the Northwest Folklife Festival. B1 the environment,” said Aaron Toso, spokes-
Outside of partisan politics, environmental
INDEX George W. Bush pays tribute on his Thousands gather from throughout the Photo gallery of the many ways we honor
TODAY’S WEATHER last Memorial Day as president. A6 region to recognize fallen veterans. B1 those who have served our country. SEE GREEN, A9
Showers and sun breaks.
High 69. Low 52. B6
Comics C4,5
Lure of grandchildren has
seniors moving to Seattle
They remember her grandmother to check out
the pastry selection.
It’s the lure of such everyday
interactions that has drawn

growing up near “Two months ago we went to
the grocery store and got her a
many grandparents to Seattle in
recent years – leaving jobs,
extended families chocolate doughnut,” Bill Hul-
vershorn explained. “Now every
friends and other family mem-
bers behind to spend more time
time we pick her up, that’s what with their progeny.
BY AUBREY COHEN she wants.” Relocating grandparents
P-I reporter This time, Esther made do aren’t tracked by statistics, but
The P-I and reach with a blueberry scone and the there’s ample anecdotal evidence
1.3 million readers a week in Two-year-old Esther Goodell container of raspberries her of the trend. Jon Hunter, an agent
Western Washington, including traipsed down Queen Anne Ave- grandfather retrieved from the with John L. Scott Real Estate, PAUL JOSEPH BROWN / P-I
three-quarters of a million nue North last week hand-in- car. They sat outside while Es- was one of many local agents Bill and Patti Hulvershorn moved from Alexandria, Va., more than
Monday through Saturday. hand with grandparents Bill and ther munched on her treats and who readily provided examples. two years ago to be near their daughter and their grandchildren,
To subscribe, call 206-464-2121. Patti Hulvershorn, and then talked about her day in pre- including Esther, 2. The couple enjoy coffee and scones with Esther
© 2008 SEATTLE POST-INTELLIGENCER ducked into a coffee shop with school. SEE FAMILY, A10 after picking her up from day care on Queen Anne.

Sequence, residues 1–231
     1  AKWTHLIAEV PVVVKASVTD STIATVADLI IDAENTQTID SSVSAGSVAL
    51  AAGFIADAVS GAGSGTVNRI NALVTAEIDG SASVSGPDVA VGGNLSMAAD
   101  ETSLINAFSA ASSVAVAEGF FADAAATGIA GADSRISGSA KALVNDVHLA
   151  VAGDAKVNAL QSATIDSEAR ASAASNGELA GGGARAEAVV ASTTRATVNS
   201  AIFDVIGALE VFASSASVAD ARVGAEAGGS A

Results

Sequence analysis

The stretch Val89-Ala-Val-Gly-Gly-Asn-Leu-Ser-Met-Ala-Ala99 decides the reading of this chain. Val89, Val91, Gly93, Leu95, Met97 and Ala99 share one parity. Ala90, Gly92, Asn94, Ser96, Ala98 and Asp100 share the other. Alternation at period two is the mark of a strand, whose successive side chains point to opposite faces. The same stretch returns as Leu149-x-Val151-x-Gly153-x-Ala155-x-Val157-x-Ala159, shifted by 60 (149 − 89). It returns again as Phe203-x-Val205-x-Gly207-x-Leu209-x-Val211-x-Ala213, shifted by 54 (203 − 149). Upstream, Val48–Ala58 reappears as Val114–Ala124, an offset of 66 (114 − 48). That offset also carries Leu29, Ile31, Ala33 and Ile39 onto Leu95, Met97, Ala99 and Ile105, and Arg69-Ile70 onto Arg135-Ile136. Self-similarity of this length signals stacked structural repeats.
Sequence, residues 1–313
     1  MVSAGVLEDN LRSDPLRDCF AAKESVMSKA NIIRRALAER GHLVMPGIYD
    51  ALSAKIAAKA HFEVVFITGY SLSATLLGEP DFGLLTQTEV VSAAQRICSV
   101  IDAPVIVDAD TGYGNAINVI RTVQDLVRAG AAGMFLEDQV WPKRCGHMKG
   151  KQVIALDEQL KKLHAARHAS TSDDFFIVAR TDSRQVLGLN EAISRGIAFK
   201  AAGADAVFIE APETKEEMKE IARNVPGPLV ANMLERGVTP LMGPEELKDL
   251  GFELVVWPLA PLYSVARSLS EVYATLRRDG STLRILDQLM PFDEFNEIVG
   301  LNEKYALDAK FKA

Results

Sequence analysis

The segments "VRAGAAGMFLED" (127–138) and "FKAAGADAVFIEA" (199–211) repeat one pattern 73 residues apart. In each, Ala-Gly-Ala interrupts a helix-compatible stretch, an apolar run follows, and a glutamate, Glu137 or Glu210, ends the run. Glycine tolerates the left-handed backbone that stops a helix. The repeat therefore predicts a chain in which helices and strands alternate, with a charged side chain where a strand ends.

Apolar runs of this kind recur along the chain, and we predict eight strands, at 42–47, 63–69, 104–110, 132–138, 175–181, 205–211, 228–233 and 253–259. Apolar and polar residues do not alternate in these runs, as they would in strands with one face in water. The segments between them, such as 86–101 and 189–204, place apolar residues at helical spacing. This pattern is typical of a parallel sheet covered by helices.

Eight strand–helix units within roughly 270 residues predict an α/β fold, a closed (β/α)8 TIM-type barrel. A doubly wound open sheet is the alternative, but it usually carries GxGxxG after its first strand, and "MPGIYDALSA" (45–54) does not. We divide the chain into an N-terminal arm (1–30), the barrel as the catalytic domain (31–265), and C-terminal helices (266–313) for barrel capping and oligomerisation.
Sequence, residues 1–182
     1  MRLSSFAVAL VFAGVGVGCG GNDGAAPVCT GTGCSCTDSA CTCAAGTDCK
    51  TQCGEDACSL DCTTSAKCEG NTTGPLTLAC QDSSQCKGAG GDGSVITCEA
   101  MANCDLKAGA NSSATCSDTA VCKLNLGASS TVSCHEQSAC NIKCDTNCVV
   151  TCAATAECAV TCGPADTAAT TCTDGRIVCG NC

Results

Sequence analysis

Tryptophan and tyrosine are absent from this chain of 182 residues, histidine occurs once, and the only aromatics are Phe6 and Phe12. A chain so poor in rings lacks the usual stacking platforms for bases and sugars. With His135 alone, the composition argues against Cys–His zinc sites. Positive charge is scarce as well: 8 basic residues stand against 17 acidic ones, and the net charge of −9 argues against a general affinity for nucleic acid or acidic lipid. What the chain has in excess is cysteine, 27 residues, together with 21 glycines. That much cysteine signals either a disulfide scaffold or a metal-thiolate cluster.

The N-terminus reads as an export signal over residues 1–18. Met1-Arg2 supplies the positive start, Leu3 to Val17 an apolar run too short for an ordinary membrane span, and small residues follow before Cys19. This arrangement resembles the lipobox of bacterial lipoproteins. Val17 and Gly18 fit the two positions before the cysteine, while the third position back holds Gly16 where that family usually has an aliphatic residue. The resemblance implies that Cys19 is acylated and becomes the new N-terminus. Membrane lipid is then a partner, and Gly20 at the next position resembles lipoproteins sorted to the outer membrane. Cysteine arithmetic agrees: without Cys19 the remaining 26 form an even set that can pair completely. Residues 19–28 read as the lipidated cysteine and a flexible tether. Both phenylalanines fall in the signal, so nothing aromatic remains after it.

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FAMILY: ‘We just wanted to G-8 ministers can’t agree

be involved grandparents’ on near-term emissions cut
THE ASSOCIATED PRESS U.S., Japan, Germany, France, change at the center of the
FROM A1 They bought a small bunga- “We like the fact that everybody’s Britain, Canada, Italy and Rus- agenda, and many are hoping
low in Phinney Ridge. The pretty much crazy. People seem KOBE, Japan – Under pres- sia, in a carefully worded state- for a strong signal from the sum-
“In the last 10 years, it defi- Ogaards’ ancestry is a mix of very tolerant and just a lot more sure to boost talks on a new ment, mentioned only the need mit to push forward wider inter-
nitely has seemed like there’s Norwegian and Swedish, so they experimental and a lot less global warming pact, Group of to set such targets eventually. national talks on global warm-
been more of that,” he said. fit in with the area’s Scandina- guarded.” Eight environment ministers on That frustrated environmental- ing.
Patti Hulvershorn said she vian heritage. Patti Hulvershorn noticed Monday endorsed slashing ists and some European minis- In their statement, the min-
has noticed many others since Lebing had to adjust to Seat- that Seattle is much more casual greenhouse gas emissions in ters. isters said there was “strong po-
she moved to Seattle from Alex- tle home prices and to the tradi- than the D.C.-area, where peo- half by midcentury, but failed to “From a scientific point of litical will” to reach agreement
andria, Va., more than two years tions of Fremont, where he and ple are judged on their home and agree on much more conten- view, we need a clear reduction at the summit to cut emissions
ago. his wife bought a townhouse. brand of clothing. In Seattle, tious near-term targets. target, because the next 20 50 percent by 2050. The state-
“I’m amazed at how many “Our first cultural experience they’ve learned, it’s much more The three-day meeting in years are very vital, very impor- ment also called on developing
people we’ve met our age who in Seattle was the Fremont (Sol- important to make sure the rasp- Kobe was dominated by calls tant for climate change and the countries with rapidly expand-
have moved out here in the past stice) Parade,” he said. berries you buy for your grand- from the U.N., European coun- decisions we make in this pro- ing greenhouse gas emissions to
two years because of their chil- Lebing read about the pa- daughter are organic. tries and developing nations to cess,” said Matthias Machnig, work to curb the rate of in-